How to Repatriate
It is a rarely discussed truth that out of all the expats heading off to start a new life overseas, many will either be forced to or choose to return. Not everybody is suited to the expat lifestyle, and no one can predict the future. Health scares, family issues and financial problems are just some of the reasons why expats often have to cut their losses and come home.
All expats should be aware of the legal & financial Implications involved in any repatriation back to the UK in case you should find yourself being in such a position. However, do not kid yourself into thinking that you can just get off the plane and pick up where you left off, a lot needs to be done to repatriate successfully.
Are you making the right choice?
For thousands of Britons currently living in the Eurozone and the rest of the world, the Euro crisis and the lack of an economic recovery elsewhere has ruined many expats’ dreams. The ongoing recession has made earning an income hard too, and what’s more, the Eurozone’s instability and struggling global recovery has led to some Brits seriously re-evaluating their position abroad.
However, before you decide to pack it all in, and cut and run back to the UK make sure you think it over to ensure that you are making the right decision. After all, the last thing you want to do is to sit on the plane on the way home with a long list of what you didn’t achieve whilst living overseas. Don’t miss out while you’re abroad and make sure you’re prepared for things to have changed back home.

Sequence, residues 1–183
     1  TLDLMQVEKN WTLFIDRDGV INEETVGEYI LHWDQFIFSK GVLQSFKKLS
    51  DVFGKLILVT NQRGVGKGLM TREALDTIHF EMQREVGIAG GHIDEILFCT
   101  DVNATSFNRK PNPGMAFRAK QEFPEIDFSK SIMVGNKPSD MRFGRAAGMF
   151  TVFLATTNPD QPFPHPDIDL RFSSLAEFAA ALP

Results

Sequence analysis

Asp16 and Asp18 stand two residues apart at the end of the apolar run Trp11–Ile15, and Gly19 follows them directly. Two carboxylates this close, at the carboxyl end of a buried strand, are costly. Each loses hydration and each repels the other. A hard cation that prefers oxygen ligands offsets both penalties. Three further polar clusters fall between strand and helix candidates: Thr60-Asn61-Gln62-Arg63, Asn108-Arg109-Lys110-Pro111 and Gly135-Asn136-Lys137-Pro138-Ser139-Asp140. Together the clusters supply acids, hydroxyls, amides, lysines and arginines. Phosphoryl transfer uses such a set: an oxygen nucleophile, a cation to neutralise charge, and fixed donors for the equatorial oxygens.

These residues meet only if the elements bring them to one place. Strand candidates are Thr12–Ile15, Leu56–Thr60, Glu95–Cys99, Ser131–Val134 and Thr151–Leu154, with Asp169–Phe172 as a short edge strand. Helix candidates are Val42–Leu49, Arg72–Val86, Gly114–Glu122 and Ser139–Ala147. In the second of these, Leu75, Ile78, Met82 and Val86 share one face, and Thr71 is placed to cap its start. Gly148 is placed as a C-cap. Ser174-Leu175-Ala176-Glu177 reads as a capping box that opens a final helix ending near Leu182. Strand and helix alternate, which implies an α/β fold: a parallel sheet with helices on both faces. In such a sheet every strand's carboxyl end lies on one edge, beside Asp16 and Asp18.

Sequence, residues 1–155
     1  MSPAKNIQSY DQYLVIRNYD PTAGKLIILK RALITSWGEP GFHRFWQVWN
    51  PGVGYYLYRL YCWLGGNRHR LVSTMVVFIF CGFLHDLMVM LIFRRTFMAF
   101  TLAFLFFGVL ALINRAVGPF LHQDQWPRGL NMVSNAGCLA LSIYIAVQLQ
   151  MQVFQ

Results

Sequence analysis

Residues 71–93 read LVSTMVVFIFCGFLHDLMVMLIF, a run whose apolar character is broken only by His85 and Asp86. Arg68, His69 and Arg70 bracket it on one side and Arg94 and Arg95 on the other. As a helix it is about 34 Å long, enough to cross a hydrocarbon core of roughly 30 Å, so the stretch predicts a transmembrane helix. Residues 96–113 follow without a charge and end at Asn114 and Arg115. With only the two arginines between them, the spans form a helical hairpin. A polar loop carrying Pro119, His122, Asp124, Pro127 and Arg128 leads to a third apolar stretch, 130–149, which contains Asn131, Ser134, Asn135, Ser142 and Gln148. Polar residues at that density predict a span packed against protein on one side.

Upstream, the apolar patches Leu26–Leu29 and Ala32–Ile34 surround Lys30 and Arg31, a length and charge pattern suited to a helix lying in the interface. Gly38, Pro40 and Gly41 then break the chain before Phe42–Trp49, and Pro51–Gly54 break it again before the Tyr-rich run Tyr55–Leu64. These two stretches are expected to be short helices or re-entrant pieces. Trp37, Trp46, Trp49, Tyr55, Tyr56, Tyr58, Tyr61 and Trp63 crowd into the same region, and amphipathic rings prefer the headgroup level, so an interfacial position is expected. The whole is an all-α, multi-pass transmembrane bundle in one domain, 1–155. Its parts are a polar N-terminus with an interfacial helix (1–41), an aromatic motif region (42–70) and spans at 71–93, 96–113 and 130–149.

Can you repatriate?
Once you’ve decided to repatriate back to (for example the UK) there are many things you need to take care of and arrange. Some repatriated expats claim that moving back to their home country was harder than their initial move abroad!
The first thing you need to do is to see if you can return to the country with resident status. You may return to the UK as a resident if:
You were settled in the UK when you last left.
You have been away for 2 years or less.
You are returning to live here permanently
You were not given public funds to pay the costs of leaving the UK.
If you have been away for more than 2 years, you may still qualify to return to live in the UK if, for example, you have strong family ties there or have lived there for most of your life. If you have been away for more than 2 years, you must apply for a visa or an entry clearance certificate before you can return.
Tax, benefits, pensions and National Insurance